The fact that our hosts were not only open to our ideas but also figured out ways to build on them is an indicator of a healthy, organic co-creation mindset that more event developers need to take a page from.
A few weeks, and one fairly fun video application process later, we had our five rebels raring to go. At the venue, participants were welcomed with what ought to become a conference mantra ‘no panels – all active participation’. Since most participants have gone through at least 20,000 hours of formal schooling and a set of eager panelists is always a remote control click away, conferences and convenings should generally be hostile places to such stifled, dry arrangements. You have brought this heterogeneous mix of characters to one place for a reason; stir the pot in such a way so as to make the most fantastic human soufflé you possibly can, Clarice.
Our session, on Movement Building had an exceptional turnout – praise Che! You know you’re doing something right when people in suits are choosing to expend energy and stand after all the chairs have been taken and listen to what you have to say, even though you have a twelve inch beard and a pony tail. After covering the multiplicity of grassroots movements, the academic dimensions on repertoires of contention, examples of Guerrilla Foundation funded activists & initiatives, and systems thinking frameworks à la SmartCSOsLab, our activista Maria Bordallo was able to add a real, personal dimension from her canvassing project and the lessons learned from mobilising communities in the Netherlands to vote in the general elections.
Furthermore, the poetic beauty of our session taking place in the Wilhelm von Humboldt Room, the man who said “if we glance at the most important revolutions in history, we are at no loss to perceive that the greatest number of these originated in the periodical revolutions of the human mind” was not lost on us.
Attesting to the world is small truism, it just so happened that Guerrilla grantee The Wellbeing Project was also running a workshop, exploring what wellbeing meant in people’s personal & professional lives, wherever that divide or lack of divide existed. It was fascinating to see that while at the onset, participants were quick to claim that wellbeing was subjective, personal and too elusive a concept, at the close of the session a sweeping consensus was reached regarding ‘freedom to express oneself’, ‘safety to learn, fail and grow’, ‘having honesty & trust with others’, ‘ability to be vulnerable’ – all things people could agree were conducive to their wellbeing.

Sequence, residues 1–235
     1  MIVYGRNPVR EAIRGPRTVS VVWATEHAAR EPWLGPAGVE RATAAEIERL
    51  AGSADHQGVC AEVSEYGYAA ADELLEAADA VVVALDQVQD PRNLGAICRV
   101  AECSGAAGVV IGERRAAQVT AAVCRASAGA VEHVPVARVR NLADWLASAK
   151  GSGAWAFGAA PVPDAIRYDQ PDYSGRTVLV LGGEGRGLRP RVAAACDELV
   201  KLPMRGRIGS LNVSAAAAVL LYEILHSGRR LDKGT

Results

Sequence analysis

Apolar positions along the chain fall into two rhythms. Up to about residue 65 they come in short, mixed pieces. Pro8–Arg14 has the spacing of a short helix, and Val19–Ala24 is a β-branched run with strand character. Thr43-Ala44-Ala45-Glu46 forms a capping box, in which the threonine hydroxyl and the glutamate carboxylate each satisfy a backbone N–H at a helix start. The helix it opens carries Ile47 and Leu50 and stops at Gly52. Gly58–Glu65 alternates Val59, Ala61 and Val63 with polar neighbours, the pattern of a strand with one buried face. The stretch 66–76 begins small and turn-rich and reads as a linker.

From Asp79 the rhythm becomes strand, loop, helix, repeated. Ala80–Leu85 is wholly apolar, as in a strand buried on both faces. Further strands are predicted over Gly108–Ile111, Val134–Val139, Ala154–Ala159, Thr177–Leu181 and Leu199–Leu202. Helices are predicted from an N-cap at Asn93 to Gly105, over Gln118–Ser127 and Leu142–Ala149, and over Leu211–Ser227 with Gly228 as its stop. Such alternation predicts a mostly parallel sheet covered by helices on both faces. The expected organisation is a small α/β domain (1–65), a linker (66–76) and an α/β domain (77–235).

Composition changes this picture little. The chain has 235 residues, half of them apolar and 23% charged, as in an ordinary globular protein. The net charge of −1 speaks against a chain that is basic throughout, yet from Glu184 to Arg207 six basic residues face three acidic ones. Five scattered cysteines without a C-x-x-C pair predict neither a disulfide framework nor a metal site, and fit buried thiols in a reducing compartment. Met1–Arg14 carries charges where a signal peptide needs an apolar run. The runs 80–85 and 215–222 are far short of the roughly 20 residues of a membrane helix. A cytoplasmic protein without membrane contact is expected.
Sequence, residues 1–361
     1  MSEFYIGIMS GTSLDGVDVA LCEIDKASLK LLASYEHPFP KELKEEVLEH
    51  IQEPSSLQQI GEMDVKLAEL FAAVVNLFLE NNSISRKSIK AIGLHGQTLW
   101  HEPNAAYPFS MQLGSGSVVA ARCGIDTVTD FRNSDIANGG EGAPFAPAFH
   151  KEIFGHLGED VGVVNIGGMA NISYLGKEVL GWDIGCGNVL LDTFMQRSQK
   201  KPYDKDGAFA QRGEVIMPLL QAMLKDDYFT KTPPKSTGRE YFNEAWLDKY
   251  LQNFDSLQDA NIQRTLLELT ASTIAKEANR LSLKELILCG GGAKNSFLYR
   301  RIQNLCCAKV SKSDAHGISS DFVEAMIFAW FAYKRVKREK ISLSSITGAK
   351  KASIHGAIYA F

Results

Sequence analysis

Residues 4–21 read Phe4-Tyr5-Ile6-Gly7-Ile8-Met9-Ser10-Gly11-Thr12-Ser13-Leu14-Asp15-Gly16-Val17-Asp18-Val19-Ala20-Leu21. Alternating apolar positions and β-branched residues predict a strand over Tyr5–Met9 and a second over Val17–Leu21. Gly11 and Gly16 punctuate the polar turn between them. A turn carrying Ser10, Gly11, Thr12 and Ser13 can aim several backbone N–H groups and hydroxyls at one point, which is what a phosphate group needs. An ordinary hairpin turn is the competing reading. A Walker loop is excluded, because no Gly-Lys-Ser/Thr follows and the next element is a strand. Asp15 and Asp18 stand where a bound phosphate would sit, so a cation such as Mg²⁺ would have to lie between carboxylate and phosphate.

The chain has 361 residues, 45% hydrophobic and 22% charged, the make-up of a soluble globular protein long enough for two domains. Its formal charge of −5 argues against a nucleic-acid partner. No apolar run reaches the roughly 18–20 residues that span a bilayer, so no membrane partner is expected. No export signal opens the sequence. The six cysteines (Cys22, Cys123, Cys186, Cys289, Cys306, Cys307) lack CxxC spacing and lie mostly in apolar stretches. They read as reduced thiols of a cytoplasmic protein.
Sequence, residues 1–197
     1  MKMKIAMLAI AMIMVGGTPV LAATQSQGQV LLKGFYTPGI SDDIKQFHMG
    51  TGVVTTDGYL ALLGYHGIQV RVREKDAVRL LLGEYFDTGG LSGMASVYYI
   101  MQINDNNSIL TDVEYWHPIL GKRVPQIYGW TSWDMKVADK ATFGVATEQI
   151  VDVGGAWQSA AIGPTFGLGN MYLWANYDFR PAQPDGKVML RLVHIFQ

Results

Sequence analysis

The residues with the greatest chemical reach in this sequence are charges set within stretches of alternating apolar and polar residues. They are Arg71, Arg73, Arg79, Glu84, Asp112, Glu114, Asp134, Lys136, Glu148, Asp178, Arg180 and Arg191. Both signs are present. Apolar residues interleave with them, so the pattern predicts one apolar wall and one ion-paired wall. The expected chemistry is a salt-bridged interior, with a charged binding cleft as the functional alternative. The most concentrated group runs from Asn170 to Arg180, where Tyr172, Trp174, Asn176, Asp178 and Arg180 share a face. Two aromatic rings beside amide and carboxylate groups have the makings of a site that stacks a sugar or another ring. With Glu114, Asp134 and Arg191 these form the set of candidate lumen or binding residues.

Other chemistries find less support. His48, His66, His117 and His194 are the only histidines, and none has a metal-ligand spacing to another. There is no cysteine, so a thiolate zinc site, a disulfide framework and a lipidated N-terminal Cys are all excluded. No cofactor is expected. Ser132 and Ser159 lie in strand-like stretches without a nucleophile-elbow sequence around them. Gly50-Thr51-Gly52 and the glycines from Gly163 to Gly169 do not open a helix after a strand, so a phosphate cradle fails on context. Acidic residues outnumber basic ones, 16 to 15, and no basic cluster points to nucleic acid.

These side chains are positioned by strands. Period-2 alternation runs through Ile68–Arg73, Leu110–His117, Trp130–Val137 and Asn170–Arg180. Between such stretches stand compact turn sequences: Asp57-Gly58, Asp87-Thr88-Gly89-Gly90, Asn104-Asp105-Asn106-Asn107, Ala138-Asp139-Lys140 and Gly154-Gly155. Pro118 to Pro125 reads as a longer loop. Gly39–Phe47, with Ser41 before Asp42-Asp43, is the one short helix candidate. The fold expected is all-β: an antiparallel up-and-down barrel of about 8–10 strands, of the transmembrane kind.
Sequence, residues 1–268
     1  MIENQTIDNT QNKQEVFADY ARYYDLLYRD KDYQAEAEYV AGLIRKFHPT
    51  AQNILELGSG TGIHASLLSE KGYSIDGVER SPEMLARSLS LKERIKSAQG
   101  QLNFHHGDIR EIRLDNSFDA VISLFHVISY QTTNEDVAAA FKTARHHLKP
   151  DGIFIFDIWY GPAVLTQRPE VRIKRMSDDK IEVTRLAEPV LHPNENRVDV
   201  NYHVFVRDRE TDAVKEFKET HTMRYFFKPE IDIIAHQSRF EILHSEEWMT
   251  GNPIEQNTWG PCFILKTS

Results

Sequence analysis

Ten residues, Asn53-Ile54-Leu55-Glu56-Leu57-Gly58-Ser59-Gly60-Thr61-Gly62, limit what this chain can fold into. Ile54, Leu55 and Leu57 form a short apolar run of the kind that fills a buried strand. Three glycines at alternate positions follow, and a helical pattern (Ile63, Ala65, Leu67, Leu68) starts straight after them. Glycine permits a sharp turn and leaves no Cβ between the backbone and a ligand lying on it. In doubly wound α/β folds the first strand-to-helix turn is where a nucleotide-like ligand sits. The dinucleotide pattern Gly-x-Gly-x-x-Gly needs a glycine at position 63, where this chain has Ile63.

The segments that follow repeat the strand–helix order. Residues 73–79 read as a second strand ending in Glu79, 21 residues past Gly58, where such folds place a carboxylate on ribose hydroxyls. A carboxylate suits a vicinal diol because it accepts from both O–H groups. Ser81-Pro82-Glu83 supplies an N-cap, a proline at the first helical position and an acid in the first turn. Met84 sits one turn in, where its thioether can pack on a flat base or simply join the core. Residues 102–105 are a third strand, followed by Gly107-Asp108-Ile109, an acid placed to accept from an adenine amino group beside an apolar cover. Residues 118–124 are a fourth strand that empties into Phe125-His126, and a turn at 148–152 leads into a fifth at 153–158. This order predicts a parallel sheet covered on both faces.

Before day’s close, Gerald Wirth, the director of the Vienna Boys Choir, lead the congregation of still somewhat stiff individuals in song, namely native American chanting to Mother Earth. As a tie-dye wearing hippie, the practice came quite naturally on my end, but it was marvelous to see investment bankers cut loose, and hum notes to pagan deities in public in the absence of chemical stimulants. The staunchest cynics would have their defenses melted by Gerald’s exuberance, the melancholia of the lyrics and the ancient harmony of the music. That is how you do collective bonding. Intimacy is an integral component for effective group work, particularly when the individuals come from oft-unfamiliar backgrounds. If barriers to sharing, to honesty and directness are to be broken, such relationship nurturing exercises are absolutely essential.